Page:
To ensure that SALON does not suffer from pronounced thermal quenching, the temperature dependence of the integrated photoluminescence intensity was investigated for a powder sample from 298 K to 500 K (see Fig. 4d and Supplementary Fig. 6). Low-temperature luminescence investigations showed a gradual reduction of the FWHM yielding 41 nm at 15 K. Interestingly, the FWHM reduction mainly occurs on the high energy side of the emission spectrum (see Supplementary Fig. 7). Even at typical LED operating temperatures of 420 K, the integrated light output of SALON drops by only 4% compared to the initial intensity at room temperature (298 K), while compounds, which suffer from considerable thermal quenching like SrMg3SiN4:Eu2+ 23, have already lost over 90% of their maximum intensity at this temperature (420 K)48. SALONs outstanding thermal quenching behaviour surpasses the performance of most other phosphors (e.g. CaAlSiN3:Eu2+, Ba[Li2(Al2Si2)N6]:Eu2+)26,49 and is a valuable quality for application in pc-LEDs. A simultaneous shift in the CIE (Commission Internationale de l’Éclairage) colour coordinates, x/y equals 0.654/0.346 to x/y equals 0.625/0.374 (Δxy equals 0.029/0.028), and LER-values of SALON was also recorded in the range from 298 to 473 K. This is a rather small colour shift and comparable to the shift found in Sr[LiAl3N4]:Eu2+, from x/y equals 0.693/0.306 to x/y equals 0.668/0.330 (Δxy equals 0.025/0.024) between 303 K and 465 K. Finally, the quantum efficiency (number of converted photons emitted/number of photons absorbed in %) of SALON was determined to be greater than or equal to 80%. This value should be comparable to the literature value for the “internal quantum efficiency” of Sr[LiAl3N4]:Eu2+ of 76%22.

The luminescence decay time of SALON has been determined by a Time-Correlated Single Photon Counting (TCSPC) experiment (see Supplementary Fig. 8). The relaxation constant τ of 790 ns is in good agreement to those determined for other red-emitting Eu2+-doped phosphors34,50.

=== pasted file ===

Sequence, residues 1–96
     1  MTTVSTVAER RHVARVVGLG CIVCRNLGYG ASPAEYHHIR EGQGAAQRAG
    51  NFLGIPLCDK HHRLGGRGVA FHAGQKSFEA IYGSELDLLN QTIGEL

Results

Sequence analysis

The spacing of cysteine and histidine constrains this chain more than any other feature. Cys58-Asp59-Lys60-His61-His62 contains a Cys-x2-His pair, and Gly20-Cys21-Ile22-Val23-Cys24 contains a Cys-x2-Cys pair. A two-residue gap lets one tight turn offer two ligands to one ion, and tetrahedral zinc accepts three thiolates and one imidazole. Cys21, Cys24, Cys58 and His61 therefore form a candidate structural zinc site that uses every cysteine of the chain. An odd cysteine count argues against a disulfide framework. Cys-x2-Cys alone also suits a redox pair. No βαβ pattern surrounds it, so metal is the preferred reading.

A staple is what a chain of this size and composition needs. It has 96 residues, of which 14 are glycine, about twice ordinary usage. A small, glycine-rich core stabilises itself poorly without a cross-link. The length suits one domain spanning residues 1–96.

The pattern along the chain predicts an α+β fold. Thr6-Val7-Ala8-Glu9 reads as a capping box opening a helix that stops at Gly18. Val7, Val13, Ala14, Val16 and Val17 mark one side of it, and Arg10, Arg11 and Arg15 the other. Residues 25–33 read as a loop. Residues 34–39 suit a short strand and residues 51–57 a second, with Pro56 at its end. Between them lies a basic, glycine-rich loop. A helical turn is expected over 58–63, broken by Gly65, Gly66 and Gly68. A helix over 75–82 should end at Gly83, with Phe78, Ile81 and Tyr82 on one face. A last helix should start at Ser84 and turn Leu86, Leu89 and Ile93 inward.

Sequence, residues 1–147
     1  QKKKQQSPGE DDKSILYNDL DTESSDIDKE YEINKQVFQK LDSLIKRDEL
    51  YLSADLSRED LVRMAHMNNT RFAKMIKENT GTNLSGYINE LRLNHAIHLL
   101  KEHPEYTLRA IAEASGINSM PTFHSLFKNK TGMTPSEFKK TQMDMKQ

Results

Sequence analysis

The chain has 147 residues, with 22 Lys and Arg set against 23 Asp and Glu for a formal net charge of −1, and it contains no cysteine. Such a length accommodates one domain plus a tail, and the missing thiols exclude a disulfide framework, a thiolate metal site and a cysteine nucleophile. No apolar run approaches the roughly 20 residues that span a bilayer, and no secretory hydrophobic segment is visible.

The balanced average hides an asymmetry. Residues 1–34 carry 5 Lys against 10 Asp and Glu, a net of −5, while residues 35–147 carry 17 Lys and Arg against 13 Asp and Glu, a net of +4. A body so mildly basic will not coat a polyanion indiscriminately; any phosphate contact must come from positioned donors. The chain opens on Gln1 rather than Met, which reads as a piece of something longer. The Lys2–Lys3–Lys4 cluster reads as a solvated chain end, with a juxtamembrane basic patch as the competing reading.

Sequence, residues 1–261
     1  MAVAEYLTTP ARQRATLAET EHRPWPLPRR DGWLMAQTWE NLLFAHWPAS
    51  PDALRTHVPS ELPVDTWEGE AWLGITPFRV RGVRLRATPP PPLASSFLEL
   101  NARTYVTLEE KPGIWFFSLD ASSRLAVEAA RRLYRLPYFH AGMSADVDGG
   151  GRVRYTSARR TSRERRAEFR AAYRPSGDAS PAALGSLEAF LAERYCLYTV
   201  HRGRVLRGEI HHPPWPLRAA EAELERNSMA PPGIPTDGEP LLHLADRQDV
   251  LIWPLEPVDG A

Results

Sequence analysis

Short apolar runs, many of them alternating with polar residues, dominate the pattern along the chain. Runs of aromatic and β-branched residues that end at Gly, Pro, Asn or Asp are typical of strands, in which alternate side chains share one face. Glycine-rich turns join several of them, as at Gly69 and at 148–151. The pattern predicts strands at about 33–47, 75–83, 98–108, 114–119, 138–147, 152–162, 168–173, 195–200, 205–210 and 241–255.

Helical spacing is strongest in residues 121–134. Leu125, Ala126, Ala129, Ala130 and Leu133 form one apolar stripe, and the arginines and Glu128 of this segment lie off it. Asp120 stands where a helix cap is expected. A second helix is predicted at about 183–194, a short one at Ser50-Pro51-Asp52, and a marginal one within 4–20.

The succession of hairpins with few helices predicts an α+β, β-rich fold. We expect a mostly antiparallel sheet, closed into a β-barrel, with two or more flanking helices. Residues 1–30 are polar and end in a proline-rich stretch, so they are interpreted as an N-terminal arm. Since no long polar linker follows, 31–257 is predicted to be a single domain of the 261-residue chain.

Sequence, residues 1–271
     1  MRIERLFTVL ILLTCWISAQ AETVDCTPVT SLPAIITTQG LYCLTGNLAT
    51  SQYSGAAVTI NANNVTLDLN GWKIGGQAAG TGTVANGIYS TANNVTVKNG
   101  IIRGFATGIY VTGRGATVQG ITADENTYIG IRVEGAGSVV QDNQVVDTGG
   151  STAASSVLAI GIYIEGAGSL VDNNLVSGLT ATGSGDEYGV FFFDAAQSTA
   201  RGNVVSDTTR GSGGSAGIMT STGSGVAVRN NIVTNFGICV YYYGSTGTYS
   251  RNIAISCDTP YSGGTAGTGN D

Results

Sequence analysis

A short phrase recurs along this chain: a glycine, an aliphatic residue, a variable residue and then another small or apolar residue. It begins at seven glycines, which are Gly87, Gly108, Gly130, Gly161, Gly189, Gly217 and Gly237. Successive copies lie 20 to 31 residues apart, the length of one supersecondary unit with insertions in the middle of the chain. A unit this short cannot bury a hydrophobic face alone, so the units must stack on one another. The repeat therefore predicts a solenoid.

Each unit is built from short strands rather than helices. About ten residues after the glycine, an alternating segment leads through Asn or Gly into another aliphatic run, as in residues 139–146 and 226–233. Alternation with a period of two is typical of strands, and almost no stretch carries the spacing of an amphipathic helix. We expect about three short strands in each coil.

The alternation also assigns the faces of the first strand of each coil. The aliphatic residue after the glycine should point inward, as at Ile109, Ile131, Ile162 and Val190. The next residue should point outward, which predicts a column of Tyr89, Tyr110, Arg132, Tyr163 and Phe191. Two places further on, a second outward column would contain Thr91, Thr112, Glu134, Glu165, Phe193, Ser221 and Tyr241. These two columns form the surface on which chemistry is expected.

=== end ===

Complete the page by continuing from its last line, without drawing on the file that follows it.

Although SALON powder in this early state without any protective coating is not stable against direct exposure to water, it was possible to construct a prototype pc-LED, where SALON was shown to be stable enough to be utilized in silicone under ambient conditions up to at least 250 °C. As demonstrated for SLA, even highly sensitive nitride materials can be stabilized enough to be used in commercial pc-LEDs51. A similar process will be necessary for this material in the future.

The spectrum of this warm-white prototype pc-LED containing the SALON material blended in a two phosphor mix in combination with a green Lu3(Al/Ga)5O12:Ce3+ 52, phosphor (Fig. 4b, red curve) was compared to a pc-LED spectrum taken from literature, with a three phosphor mix (Fig. 4b, purple curve; Lu3Al5O12:Ce3+ 53, (green), (Ba,Sr)2Si5N8:Eu2+  13,19 (amber) and Sr[LiAl3N4]:Eu2+ 22, (red)). Both pc-LEDs were steered to a correlated colour temperature (CCT) equals 2700 K (CIE coordinates (SALON based LED): x/y equals 0.463/0.415; CIE coordinates (SLA based LED): x/y approximately equal 0.455/0.405). The SALON pc-LED achieved a remarkable benefit of + 16% regarding the spectral LER in comparison to the Sr[LiAl3N4]:Eu2+ containing reference or + 33% to the state of the art22 (see Fig. 4c), while sustaining an excellent colour rendering index (CRI equals 91, R9 equals 41).


SALON is a red-emitting phosphor with a formerly unknown host structure. It is the only known oxonitridolithoaluminate, exhibits a high degree of condensation, and shows a unique, highly symmetrical Sr2+ coordination, incorporating distinct nitrogen and oxygen sites. SALON exhibits an exceptionally narrow-band red emission with λmax approximately equal 614 nm and a FWHM of 48 nm, already fulfilling the future standard industrial requirements for a phosphor material in high energy efficiency white pc-LED applications. The most probable reason for the narrow emission band of SALON is the high local symmetry around the Eu2+ activator position in the crystal structure as the ordered arrangement of four oxygen and four nitrogen atoms is forming a cube-like coordination polyhedron. This highly symmetrical coordination is expected to be the reason for the narrow emission as a result of a more isotropic structural relaxation of the Eu2+ in its excited state, which reduces the number of energetically different states involved in the emission process. All of SALON’s intrinsic characteristics, which are relevant for application, namely a quantum efficiency of greater than 80%, low thermal quenching of only 4% at operating temperatures, reasonable thermal and chemical stability as well as the above mentioned favourable emission properties, mark it as a highly promising compound which will, once thoroughly optimized, make for a formidable red phosphor in future white pc-LEDs. A prototype mid-power white LED using the SALON phosphor as its red component already demonstrated a significant increase in LER, while maintaining an excellent quality of light.